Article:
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FuseBox24: what it is and why we ran it

This is the text of a talk I gave last week at the launch of the FuseBox24 research project at the University of Brighton...

FuseBox24 is a new 24 week programme for innovators that uses and integrates a range of concepts from both business (especially lean start-up models) and from the arts. Its aim is to help the participants significantly develop both themselves and their ideas. You can view a short video about the research the University of Brighton undertook into the programme here.

The starting point for Wired Sussex’s activity around the creation and development of the FuseBox24 programme is a belief that existing models of business support designed in the last century are not right for businesses created in this one.

Standard business support models based around a set of assumptions –

  • You need scale to have impact
  • You are operating in largely stable markets
  • Growth is linear
  • Investment  precedes business activity and it’s a precondition of it
  • You need to be located close to your raw materials or supply chains

On the contrary, businesses we were working with were

  • small and impactful
  • required to be highly disruptive (including often of themselves)
  • had low barriers to market entry (and so could iterate using customer feedback)
  • Saw speed to market as important (and so valued collaboration that supported that process) and
  • Had talent as their primary ‘raw material’ (and so had to develop ways of attracting, valuing and retaining that talent).

These businesses could be viewed as the post industrial part of our economy, and it is where most of our membership base sits.

Brighton Fuse

The initial Brighton Fuse research project has proved highly valuable. It has influenced and provided an evidence base for policy-makers and strategists. It has supported funding bids. But crucially it has enhanced the ability of members of our cluster to better understand themselves as a cluster, and all that entails.

For us at Wired Sussex, it helped us to think more concretely about new models of business support through a better understanding not only of the challenges that these business face, but also how they themselves develop ways and cultures to meet those challenges. Crucially, it also pointed to the importance of the arts in these businesses in three key ways: as part of their value proposition (fusion), of the biography of founders (many have arts and design backgrounds), and of their internal innovation culture.

The FuseBox

The FuseBox, our studio in Brighton, was built as an attempt by us to learn from and use those findings. A place which is for innovators and which is culturally designed to encourage experimentation and challenge, peer collaboration, and practitioner support. A bit like an art school in fact.

Because if you think back to those post industrial business support needs, a model which uses the practices and approaches from the arts is a pretty good starting point.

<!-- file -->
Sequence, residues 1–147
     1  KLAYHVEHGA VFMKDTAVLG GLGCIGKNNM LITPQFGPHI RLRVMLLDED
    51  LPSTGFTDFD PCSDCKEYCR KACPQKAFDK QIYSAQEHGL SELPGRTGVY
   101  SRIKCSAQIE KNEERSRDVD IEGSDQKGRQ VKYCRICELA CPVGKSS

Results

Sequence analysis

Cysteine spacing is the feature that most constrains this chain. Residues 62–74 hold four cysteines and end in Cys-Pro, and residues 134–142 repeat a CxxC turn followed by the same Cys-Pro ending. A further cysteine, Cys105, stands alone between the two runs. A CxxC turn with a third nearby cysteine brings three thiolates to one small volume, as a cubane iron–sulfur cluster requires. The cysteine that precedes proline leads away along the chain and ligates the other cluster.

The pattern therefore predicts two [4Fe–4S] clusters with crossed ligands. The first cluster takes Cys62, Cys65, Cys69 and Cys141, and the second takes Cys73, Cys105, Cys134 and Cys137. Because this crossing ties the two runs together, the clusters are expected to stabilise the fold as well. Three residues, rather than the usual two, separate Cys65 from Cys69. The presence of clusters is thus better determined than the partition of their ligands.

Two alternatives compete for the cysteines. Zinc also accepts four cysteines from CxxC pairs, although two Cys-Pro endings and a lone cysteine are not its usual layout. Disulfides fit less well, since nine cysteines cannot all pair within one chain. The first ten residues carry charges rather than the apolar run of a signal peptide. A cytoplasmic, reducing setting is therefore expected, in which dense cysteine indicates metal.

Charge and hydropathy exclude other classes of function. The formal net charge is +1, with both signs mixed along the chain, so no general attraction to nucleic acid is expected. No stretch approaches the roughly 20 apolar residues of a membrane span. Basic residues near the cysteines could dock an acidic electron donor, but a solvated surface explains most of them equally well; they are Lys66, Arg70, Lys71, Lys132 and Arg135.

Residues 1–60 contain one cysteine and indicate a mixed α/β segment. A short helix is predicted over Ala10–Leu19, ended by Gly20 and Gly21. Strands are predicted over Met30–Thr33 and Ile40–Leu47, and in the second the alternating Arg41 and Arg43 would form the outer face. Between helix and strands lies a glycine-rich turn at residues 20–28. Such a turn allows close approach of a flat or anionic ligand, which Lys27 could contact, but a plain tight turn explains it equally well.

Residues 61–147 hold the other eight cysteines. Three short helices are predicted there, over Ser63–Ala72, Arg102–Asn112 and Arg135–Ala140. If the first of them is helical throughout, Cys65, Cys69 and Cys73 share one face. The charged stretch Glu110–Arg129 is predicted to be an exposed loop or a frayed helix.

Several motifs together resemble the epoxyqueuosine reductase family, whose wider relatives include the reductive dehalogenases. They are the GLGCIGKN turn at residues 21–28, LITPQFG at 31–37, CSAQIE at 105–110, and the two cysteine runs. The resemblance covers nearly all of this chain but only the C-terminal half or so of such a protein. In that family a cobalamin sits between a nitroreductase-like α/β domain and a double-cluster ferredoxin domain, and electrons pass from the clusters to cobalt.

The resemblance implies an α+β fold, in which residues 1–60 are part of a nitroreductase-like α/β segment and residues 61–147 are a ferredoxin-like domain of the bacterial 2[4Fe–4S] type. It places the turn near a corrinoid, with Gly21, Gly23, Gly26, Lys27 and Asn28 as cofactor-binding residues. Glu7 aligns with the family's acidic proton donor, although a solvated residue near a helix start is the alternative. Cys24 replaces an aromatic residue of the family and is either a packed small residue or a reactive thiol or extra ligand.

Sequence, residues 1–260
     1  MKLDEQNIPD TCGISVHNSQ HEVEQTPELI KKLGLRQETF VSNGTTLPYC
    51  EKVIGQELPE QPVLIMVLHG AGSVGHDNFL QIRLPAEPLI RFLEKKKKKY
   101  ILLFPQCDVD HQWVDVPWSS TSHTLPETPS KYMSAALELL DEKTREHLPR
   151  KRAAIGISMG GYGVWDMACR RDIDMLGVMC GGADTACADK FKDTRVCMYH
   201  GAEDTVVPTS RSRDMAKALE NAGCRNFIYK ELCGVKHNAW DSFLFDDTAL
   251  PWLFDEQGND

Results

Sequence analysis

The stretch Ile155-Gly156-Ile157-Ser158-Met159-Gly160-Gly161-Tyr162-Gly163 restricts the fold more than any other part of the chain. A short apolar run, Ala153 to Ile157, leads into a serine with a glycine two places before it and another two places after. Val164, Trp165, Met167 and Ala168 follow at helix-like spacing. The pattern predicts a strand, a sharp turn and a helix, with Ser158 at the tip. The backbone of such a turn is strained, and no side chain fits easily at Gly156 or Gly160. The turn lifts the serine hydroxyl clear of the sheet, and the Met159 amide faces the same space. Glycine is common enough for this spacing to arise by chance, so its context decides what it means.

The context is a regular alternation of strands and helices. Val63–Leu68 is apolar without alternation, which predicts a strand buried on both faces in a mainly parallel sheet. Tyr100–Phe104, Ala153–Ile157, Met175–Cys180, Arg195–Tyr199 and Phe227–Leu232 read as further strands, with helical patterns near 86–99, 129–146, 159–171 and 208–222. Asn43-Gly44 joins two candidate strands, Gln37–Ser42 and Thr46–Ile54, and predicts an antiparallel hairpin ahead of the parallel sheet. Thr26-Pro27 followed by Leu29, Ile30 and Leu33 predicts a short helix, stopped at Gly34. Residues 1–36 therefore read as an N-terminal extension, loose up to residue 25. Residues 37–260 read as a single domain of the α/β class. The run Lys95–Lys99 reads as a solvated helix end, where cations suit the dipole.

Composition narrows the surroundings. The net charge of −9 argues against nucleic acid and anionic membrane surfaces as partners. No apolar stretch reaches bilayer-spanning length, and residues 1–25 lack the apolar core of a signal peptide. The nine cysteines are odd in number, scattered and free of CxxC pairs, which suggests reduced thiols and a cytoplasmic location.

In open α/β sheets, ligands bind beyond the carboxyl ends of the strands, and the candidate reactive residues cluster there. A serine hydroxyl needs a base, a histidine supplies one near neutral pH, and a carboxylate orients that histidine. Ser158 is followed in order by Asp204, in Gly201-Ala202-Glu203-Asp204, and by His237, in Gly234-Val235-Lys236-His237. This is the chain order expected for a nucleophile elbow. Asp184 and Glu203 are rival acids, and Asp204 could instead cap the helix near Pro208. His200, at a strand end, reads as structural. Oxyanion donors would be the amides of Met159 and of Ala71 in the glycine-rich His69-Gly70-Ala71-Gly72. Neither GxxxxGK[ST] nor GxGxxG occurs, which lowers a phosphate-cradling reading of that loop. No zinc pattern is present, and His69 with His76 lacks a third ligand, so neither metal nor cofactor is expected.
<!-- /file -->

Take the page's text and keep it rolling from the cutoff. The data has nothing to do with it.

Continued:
The FuseBox 24 programme

Wired Sussex’s studio the FuseBox provides value to our business community in a whole host of ways. One of the most important is the FuseBox 24 innovators programme that we are celebrating tonight. I wanted 3 themes to underpin our innovators programme: needs, empathy and insight. These are often regarded as soft skills, but they are anything but superficial.

Needs is about working with innovators to critically examine their real needs both in terms of themselves as individuals and founders, and in terms of what their idea requires to take it to the next level.  Usually innovators will assume their need is large amounts of money. It very rarely is.

Needs is also about sharing your needs with others on the programme so that they might help meet them.

Empathy is about deeply understanding the customer for your idea – walking a mile in their shoes. And that often comes from the challenges of putting your idea into the furnace of customer engagement, either directly or via a rounded response to the data and information that their engagement generates.

Finally, insight. Insight is the development of the idea – the game changer. It’s not – or very rarely – a simple light bulb moment. It is more likely to be a process of rigorous analysis, discussion, testing and hard work (which then results in a lightbulb moment!).

What we did with that framework, and the tools and approaches that artist CiCi Blumstein, researcher Jim Byford and the participants themselves developed, is the subject of the research report produced by the University of Brighton. You can view that here

About the author

Phil Jones

Hi, I'm the Managing Director of Wired Sussex, overseeing our strategy as an organisation and work to promote our membership and its needs to local, national and international stakeholders, including government.

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